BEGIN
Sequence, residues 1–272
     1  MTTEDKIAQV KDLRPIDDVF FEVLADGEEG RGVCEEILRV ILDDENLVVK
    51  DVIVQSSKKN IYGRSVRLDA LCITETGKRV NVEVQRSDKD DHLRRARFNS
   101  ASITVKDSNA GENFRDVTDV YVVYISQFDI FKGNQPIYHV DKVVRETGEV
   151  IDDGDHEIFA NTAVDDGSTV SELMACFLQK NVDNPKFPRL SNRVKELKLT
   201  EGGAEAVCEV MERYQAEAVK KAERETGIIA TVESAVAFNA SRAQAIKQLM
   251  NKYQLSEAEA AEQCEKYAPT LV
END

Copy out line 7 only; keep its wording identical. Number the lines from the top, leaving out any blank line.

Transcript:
   251  NKYQLSEAEA AEQCEKYAPT LV